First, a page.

West Coast Martial Arts is looking for help from community businesses to raise money for Project Sparrow.
The project is an attempt by the owners, George Fujii and Jill Kuckhoff, to prevent another youth suicide in the community.
Kuckhoff said the death of Eric Marchant, a student at Carson Valley Middle School who hung himself last summer, affected her deeply and she believes there must be many other children who experience the hopelessness Eric must have felt.
“Eric’s suicide was a warning for us to take a close look at our teens. So often we assume we have things under control only to find out we knew little of their struggles,” she said.
Eric’s mother, Cindy Marchant, said she thinks the program will help children like Eric who have low self-esteem.
n Wonderful program. “I do think it is a wonderful program, I think anything like this will help kids,” Cindy Marchant said.
Kuckhoff said the project has already started with one student, a boy in her son’s class at Gardnerville Elementary School.
After inviting 10-year-old Raymond Gomes to a class, Kuckhoff said she and Fujii witnessed a little boy who always stared at the floor blossom in the Tae Kwon Do classes.
“After a week you noticed the difference. He came in with no confidence, then he had his head up and he was really going for it,” she said.
The year-long scholarship has been given to one student so far, but the couple hopes to raise enough money to provide a scholarship to one student from every school.
Kuckhoff said the plan is to have counselors and teachers nominate students who need the program the most. The proposal has not yet received support from the Douglas County School District board of trustees.
She said the reason the program helps students is because it is not just about fighting.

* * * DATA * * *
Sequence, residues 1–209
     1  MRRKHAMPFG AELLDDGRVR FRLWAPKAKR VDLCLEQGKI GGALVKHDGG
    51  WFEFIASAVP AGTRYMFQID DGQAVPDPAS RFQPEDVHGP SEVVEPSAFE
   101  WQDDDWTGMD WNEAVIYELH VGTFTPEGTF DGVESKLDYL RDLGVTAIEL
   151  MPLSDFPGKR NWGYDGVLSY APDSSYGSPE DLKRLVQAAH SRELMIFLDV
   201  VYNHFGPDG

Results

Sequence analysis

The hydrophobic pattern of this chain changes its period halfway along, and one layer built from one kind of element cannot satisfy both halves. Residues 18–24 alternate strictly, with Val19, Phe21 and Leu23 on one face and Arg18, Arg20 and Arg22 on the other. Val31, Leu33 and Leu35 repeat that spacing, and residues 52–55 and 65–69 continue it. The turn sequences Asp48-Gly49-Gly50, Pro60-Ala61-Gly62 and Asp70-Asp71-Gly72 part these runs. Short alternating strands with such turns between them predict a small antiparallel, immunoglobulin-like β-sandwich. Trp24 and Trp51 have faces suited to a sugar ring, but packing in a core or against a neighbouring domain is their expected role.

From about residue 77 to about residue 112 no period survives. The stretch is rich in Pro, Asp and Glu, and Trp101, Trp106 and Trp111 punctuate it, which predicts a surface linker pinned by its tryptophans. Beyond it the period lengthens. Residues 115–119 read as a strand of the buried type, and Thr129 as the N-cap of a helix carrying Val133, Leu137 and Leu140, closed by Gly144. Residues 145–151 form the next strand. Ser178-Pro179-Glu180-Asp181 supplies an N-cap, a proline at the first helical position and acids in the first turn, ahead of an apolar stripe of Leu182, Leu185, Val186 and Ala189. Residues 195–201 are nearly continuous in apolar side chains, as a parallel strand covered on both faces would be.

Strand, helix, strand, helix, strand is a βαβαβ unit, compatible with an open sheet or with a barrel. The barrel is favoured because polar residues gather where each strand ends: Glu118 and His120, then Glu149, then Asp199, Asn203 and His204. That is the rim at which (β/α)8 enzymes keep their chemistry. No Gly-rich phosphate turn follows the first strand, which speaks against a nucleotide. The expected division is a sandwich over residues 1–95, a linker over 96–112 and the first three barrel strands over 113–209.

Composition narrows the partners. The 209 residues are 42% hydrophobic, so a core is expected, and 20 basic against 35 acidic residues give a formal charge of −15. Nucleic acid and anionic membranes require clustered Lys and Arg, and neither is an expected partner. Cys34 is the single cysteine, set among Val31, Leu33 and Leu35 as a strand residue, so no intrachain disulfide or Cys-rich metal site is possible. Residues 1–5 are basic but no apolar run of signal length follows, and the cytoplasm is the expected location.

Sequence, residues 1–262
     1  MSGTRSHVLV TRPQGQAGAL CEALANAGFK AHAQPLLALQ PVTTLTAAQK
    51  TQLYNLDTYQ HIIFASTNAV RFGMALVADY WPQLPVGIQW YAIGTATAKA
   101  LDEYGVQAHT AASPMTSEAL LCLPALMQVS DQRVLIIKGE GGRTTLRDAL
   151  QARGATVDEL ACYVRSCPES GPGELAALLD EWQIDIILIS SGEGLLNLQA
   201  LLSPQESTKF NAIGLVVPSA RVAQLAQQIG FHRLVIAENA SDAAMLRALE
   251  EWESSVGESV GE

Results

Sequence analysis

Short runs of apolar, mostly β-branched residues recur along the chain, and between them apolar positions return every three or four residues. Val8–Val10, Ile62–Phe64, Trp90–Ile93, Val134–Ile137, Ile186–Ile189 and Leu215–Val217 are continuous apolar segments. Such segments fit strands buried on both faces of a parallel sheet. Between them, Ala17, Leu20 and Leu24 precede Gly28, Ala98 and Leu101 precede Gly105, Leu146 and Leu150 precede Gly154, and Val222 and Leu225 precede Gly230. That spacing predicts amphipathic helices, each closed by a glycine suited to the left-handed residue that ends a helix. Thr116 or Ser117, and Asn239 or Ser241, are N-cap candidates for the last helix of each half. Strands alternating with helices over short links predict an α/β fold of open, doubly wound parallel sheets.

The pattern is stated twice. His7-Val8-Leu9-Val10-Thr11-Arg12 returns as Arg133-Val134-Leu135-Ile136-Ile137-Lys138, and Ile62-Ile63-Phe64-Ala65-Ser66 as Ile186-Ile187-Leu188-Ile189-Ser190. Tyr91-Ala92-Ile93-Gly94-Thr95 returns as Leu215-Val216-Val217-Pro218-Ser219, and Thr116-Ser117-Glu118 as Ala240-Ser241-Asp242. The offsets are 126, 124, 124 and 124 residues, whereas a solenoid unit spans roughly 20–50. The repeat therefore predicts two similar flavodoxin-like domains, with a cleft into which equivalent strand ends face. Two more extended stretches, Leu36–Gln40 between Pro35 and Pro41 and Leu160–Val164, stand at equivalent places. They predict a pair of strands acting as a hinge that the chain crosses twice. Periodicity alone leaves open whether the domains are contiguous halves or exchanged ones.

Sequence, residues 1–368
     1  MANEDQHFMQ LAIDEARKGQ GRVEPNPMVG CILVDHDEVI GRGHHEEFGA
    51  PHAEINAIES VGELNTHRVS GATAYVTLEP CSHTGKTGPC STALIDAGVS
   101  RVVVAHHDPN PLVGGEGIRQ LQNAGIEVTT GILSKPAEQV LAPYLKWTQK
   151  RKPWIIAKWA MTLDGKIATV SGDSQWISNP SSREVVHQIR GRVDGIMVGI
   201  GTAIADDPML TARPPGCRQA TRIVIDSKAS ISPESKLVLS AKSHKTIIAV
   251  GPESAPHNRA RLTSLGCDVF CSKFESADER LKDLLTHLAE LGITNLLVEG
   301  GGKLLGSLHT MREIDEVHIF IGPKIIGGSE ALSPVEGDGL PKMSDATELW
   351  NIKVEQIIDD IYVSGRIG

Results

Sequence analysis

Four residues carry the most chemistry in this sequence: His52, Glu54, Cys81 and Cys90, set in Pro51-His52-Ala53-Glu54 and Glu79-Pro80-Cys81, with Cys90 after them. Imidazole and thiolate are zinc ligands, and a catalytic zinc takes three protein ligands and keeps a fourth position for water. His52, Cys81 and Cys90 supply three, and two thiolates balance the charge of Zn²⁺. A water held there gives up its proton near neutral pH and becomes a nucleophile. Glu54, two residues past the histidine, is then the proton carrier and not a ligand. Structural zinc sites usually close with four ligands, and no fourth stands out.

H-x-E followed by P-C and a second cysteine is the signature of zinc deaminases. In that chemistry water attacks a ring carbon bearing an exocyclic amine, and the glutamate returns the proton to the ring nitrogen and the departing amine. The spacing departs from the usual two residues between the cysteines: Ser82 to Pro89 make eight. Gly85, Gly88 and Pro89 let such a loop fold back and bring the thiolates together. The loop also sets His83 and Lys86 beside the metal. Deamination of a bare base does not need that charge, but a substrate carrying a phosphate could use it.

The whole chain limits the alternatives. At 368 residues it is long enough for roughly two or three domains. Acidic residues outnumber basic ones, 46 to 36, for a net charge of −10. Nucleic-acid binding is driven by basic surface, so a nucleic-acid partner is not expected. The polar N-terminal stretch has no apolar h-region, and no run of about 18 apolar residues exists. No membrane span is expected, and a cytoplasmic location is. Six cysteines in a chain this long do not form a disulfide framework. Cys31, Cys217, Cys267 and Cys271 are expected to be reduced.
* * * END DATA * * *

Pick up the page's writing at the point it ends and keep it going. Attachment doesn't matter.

“We focus on discipline, and all the things on the wall there,” she said as she pointed to the words painted in red: responsibility, integrity, honesty, courage, self- control, perseverance.
“In school, children learn their lessons without learning the values of dependability, perseverance, honesty, fidelity, courtesy, generosity,” Kuckhoff said. “Today, busy parents are apt to take pride only in learning of the multiplication tables, but both learning and manners are necessary.”
Ray Gomes’ whole family has been convinced of the program’s helpfulness.
Ray’s father, David, said both sets of grandparents were so impressed in the changes in Ray, they are now paying for classes for Ray’s twin sister, Anastazia.
“He had a real problem standing up for himself,” David Gomes said of Ray. “But he’s come to a place now where he stood up to (bullies in his class) and was able to talk to them and tell them ‘I’m just not going to take this.’ And he went about it in a mature and non-violent way.”
n Motivated in school. Gomes said the program has motivated Ray to work harder in school, because passing grades must be maintained to advance in the program.
“It has also made him establish a goal in his life. He wants to be a martial arts instructor. It was something he had a lot of interest in before, but now he just knows where to put it,” Gomes said.
Just the interaction with kids with common interests has helped Ray, he said.
The silent action used to raise money for Project Sparrow also raises money for “Kick Drugs out of America,” a project sponsored by Chuck Norris to help get inner-city youth involved in martial arts and away from drugs.
The items already up on the wall for the silent action includes $10 worth of items at Eastern Sierra Feed, free pizzas and a free month at Tropical Tan and Gym.
But more items are needed for the auction which will run between Oct. 26-31, Kuckhoff said. Anyone in the community can make bids between 4 p.m. and 7 p.m. those days. Final bidding is 7 p.m. Oct. 31.
For more information, call 782-8343 or stop by West Coast at 1418 A Industrial Way.
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